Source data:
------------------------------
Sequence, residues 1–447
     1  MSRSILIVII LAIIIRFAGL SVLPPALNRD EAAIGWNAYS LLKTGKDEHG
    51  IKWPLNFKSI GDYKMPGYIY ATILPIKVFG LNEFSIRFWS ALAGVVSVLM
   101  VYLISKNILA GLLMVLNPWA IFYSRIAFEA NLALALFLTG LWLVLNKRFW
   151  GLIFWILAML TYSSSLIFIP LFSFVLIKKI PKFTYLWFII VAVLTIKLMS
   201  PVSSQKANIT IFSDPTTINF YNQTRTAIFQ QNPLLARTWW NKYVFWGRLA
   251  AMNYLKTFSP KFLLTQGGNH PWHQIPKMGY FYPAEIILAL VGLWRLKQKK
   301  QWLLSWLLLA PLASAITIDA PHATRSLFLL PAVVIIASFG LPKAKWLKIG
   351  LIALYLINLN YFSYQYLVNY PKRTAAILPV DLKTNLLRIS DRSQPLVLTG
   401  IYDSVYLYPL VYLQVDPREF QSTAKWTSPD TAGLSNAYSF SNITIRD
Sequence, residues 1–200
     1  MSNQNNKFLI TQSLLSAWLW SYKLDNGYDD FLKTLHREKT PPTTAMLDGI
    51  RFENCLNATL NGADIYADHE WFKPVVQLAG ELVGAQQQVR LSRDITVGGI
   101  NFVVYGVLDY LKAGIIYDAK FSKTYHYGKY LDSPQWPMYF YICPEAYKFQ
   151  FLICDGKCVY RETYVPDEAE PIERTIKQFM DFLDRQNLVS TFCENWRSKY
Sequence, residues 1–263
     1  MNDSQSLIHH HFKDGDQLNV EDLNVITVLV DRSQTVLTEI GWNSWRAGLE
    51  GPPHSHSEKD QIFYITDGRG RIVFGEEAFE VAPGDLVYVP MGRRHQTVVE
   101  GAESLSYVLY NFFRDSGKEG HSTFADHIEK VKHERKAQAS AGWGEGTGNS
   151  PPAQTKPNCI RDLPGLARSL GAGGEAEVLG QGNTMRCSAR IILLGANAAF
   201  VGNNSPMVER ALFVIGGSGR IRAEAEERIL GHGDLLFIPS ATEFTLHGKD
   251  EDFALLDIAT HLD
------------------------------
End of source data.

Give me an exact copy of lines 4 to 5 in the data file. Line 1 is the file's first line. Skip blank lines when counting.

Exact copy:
   101  VYLISKNILA GLLMVLNPWA IFYSRIAFEA NLALALFLTG LWLVLNKRFW
   151  GLIFWILAML TYSSSLIFIP LFSFVLIKKI PKFTYLWFII VAVLTIKLMS